Aziz, who was the most visible public face of the regime, could face the death penalty if convicted of ordering the 1992 executions of 42 rice merchants. The merchants were accused by Hussein's government of increasing prices for essential goods at a time when Iraq was under United Nations sanctions for its 1990 invasion of Kuwait.
Yahia Said, an Iraq expert with the nonprofit Revenue Watch Institute, says Aziz was different from other figures in the regime in that he had an extraordinary ability to adapt and survive.
"He has been one of the few leading figures in the Ba'ath Party who remained engaged in a couple of levels of politics over many decades," Said says. "Many of his peers got out or got executed or fired or removed from their posts, and he remained a loyal supporter of Saddam Hussein."
Aziz played an important diplomatic role in the run-up to the first Gulf War when he served as foreign minister, exhibiting faultless English, strong nerves, and negotiating skills. He used those skills to represent Iraq at high-level diplomatic meetings, justifying Hussein's policies -- including the invasion of Kuwait.
Surrendered In 2003
Aziz survived the first Gulf War, but he did not escape after the U.S.-led overthrow of the regime in 2003. Aziz was No. 43 on the U.S. most-wanted list of Iraqi officials. He gave himself up to U.S. troops in April 2003, just two weeks after Hussein's rule ended.
Aziz, a Chaldean Catholic, was the only Christian in Hussein's inner circle and also the most visible public face of the regime. His presence in Hussein's government was often held up as evidence of the regime's religious tolerance. Said says that fact is neither a plus nor a minus, since the regime was based not on religion but on loyalty to a dictator.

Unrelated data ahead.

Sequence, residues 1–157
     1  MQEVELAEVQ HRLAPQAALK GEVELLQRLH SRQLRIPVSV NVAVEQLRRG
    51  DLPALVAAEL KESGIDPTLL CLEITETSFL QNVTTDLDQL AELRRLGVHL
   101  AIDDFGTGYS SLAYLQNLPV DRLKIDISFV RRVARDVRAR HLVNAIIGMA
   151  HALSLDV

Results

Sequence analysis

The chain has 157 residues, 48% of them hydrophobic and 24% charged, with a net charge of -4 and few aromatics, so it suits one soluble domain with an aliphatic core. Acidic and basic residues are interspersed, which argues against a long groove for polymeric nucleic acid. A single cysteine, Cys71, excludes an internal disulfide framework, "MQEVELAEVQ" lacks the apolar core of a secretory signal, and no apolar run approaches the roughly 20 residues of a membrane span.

"He was a Christian and only one of a few Christians [in the government], but that is not [important]," Said says. "There were also Kurds and Shi'ites in Saddam's court. He was a loyal supporter of Saddam Hussein and of the regime."
Besides Aziz, other defendants in this trial include Hussein's half-brothers Watban Ibrahim al-Hasan, who was interior minister when the executions took place, and Sab'awi Ibrahim al-Hasan, a former top security official. A former trade minister and Central Bank governor will also face the tribunal.
Presiding over the trial will be judge Ra'uf Abd al-Rahman, who sentenced Hussein to death in May 2006 for his role in the killing of Shi'ite Muslims in Al-Dujayl in retaliation for an assassination attempt in 1982.